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ASHRAE Disputes Gender-Biased Office Thermostats

Posted by Christina B. Farnsworth

Oct 6, 2015 5:21:26 PM

ASHRAE challenges reports that office temperature settings are unchanged from the 1960s—and favor men.

Host Norah O’Donnell hovered in a red blanket while the offices are too cold segment aired on CBS This Morning, though even Charlie Rose complained of cold. Not only did the segment say that the cold temperature setting was uncomfortable, but also that raising temperatures to a recommended 75 degrees could save cash on utility bills and lower CO2 emissions (office temperature emissions account for 30 percent of global CO2 emissions).

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Report: DOE Defines Rules of Performance and Terminology for Zero Energy Buildings

Posted by Matt Power, Editor-In-Chief

Oct 1, 2015 1:02:11 PM

Among other things, the report says consumers are confused by the word "net," so it should be dropped.

A team of industry players, architects and building scientists worked with the DOE to create the 22-page report, (linked below), which includes mathematical formulas for both commercial buildings and homes, along with boundary perimeters. The boundaries, for example, define what constitutes "on-site" energy production.

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Study: Additives to Biodegrade Plastics Have No Measurable Effect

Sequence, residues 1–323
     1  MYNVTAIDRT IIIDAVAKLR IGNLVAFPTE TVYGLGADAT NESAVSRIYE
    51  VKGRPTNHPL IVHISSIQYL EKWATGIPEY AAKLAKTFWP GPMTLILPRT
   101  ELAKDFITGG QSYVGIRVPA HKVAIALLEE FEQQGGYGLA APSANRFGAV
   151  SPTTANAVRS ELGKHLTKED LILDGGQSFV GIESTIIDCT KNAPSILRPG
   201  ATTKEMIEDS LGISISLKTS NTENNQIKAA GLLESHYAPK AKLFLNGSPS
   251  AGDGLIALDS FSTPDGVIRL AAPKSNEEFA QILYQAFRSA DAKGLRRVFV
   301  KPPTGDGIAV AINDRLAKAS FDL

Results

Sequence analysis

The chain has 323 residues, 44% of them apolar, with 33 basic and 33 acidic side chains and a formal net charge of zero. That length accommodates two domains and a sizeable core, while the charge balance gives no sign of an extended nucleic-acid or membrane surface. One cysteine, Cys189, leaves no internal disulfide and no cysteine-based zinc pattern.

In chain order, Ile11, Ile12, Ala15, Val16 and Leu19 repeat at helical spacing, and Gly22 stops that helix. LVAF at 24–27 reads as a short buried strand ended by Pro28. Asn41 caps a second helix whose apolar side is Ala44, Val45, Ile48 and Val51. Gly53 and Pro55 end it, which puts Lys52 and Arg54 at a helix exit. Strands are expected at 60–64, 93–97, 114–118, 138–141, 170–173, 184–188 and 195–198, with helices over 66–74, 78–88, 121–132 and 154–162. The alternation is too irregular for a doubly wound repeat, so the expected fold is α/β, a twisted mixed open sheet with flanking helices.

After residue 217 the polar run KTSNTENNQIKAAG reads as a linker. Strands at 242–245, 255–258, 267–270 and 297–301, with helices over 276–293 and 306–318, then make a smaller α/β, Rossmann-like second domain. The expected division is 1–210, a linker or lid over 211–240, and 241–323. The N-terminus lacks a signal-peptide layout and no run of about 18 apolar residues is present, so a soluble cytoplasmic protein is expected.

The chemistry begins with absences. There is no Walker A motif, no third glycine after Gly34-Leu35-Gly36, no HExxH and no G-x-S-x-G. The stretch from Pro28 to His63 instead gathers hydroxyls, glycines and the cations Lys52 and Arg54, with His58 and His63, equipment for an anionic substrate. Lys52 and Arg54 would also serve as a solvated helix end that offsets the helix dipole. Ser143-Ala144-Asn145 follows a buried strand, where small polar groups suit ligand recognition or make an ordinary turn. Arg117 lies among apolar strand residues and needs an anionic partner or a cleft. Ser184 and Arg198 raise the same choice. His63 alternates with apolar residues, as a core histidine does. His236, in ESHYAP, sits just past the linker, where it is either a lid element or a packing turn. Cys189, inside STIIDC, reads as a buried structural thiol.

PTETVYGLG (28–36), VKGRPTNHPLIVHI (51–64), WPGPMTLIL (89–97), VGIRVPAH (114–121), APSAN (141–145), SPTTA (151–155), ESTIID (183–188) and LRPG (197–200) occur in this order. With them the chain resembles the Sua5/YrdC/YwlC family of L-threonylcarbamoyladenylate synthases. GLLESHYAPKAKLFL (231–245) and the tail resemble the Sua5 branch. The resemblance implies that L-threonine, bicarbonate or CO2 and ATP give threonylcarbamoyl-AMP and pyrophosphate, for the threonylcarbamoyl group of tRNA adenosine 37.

Posted by Christina B. Farnsworth

Apr 2, 2015 10:42:00 AM

A Michigan State University (MSU) study shows that additives to biodegrade plastics simply don’t work.

THE NEW STUDY from Michigan State University featured in the current issue of Environmental Science and Technology shows that several additives that claim to break down polyethylene (i.e., plastic bags) and polyethylene terephthalate (i.e., soda bottles) simply don’t work in common disposal situations such as landfills or composting.

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Estimates of the Embodied Energy of Buildings Are All Over the Map

Posted by Matt Power, Editor-In-Chief

Aug 25, 2014 12:49:00 PM

THE AMOUNT OF CARBON ENERGY "embodied" in buildings has been a hot topic in the green building universe for at least 20 years. And rightly so. Only by understanding the REAL environmental costs of materials and products can we adjust and reduce to optimal levels.

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